DA: Man posed as psychologist, sold pot, too

Adam M. Goldrusso, 45, of Huntington, who also Adam M. Goldrusso, 45, of Huntington, who also went by the names Adam M. Russo and Adam M. Gold, had been treating patients for "years," Suffolk County District Attorney Thomas Spota said, although he is not a licensed psychologist. (March 18, 2013) Photo Credit: SCDA

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A phony psychologist who sold marijuana to undercover investigators posing as his patients has been arrested along with his pot supplier, an Oyster Bay town employee, Suffolk District Attorney Thomas Spota said Thursday.

Adam M. Goldrusso, 45, of Huntington, who also went by the names Adam M. Russo, Adam M. Gold and Adam M. Gold-Russo, had been treating patients for "years" though he is not a licensed psychologist, Spota said.

Goldrusso told investigators he treated 150 to 200 patients, billing each an average of $150 an hour, Spota said.

"They thought they were receiving help for their hard-earned money," Spota said. "In reality, he was nothing but a fraud."

Goldrusso and his accused drug supplier, Michael Scappa-ticci, 44, of Melville, were arrested March 18. Each was charged with criminal sale of marijuana in the second degree. Goldrusso also was charged with unauthorized practice of a profession. Both entered not-guilty pleas. Goldrusso was released on his own recognizance; Scappaticci posted a $10,000 bond.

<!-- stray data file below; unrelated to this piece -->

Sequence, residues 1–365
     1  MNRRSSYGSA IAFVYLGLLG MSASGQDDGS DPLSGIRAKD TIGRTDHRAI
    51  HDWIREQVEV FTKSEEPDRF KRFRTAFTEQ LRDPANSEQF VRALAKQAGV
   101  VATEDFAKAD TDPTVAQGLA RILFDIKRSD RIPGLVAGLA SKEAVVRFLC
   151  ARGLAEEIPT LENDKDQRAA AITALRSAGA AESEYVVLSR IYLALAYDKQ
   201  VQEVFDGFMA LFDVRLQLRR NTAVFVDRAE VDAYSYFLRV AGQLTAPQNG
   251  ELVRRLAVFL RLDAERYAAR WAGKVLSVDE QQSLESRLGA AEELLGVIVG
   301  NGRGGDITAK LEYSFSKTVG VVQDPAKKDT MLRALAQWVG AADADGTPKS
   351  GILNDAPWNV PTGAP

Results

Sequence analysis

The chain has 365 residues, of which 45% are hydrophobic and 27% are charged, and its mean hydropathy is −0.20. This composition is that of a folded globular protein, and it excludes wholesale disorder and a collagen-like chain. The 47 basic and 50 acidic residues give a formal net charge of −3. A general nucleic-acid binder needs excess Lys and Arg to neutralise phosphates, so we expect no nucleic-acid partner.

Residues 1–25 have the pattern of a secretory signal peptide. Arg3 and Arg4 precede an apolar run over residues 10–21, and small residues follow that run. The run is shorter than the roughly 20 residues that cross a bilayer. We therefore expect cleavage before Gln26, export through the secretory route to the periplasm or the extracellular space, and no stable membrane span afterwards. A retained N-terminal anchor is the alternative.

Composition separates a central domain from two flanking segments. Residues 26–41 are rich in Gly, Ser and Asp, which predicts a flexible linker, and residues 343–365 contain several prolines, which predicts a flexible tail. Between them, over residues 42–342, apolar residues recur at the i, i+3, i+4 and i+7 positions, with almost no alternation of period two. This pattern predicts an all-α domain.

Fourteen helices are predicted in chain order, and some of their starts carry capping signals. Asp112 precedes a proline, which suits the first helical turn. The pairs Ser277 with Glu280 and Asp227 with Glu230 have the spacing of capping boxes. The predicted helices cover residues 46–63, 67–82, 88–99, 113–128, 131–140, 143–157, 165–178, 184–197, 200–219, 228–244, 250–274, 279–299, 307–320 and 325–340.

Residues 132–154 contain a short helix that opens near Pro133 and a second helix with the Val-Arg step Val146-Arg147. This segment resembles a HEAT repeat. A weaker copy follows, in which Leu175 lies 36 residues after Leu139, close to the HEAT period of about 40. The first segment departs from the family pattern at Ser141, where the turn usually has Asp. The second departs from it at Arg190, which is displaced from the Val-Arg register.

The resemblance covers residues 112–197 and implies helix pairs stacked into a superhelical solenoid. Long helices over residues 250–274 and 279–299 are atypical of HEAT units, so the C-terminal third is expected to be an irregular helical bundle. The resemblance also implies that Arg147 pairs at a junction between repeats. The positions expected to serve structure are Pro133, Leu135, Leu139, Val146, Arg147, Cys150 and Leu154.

Jason Russo, a Bay Shore attorney, said his client and brother, Adam Goldrusso, will not discuss the matter.

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"At this point, all I can tell you is that I am in the process of resolving the case with the DA's office," Russo said.

Scappaticci, who has worked for 22 years for the town of Oyster Bay, most recently in the highway department, could not be reached Thursday for comment.

The matter came to light when a handful of Goldrusso's former patients in 2012 filed complaints to the state. In February, Spota said his office became involved when a male investigator posing as a New York City correction officer told Goldrusso he needed a psychological evaluation before he could return to work. Goldrusso charged the undercover investigator $350 for the session, authorities said.

The undercover investigator and a female colleague, who posed as his wife, pretended they were having marital problems and sought help from Goldrusso, who charged the couple $150 an hour. The couple, former narcotics detectives, saw Goldrusso six times and during one session smelled marijuana in his home office. The couple asked if he could supply them and Goldrusso obliged, Spota said.

Authorities said Goldrusso twice sold the undercover investigators drugs, once charging them $1,600 for a quarter-pound of marijuana. The second time he charged them $6,000 for 1 1/4 pounds, but cheated and only delivered a pound, Spota said.

Both times, Spota said, the drugs were delivered to Goldrusso by Scappaticci.

Oyster Bay Town Supervisor John Venditto said Scappaticci is working and his employment status depends on the outcome of the criminal case.

So far, Spota's office has identified about half a dozen of Goldrusso's former clients. Spota asked that anyone who was treated by Goldrusso call his agency at 631-853-5428.

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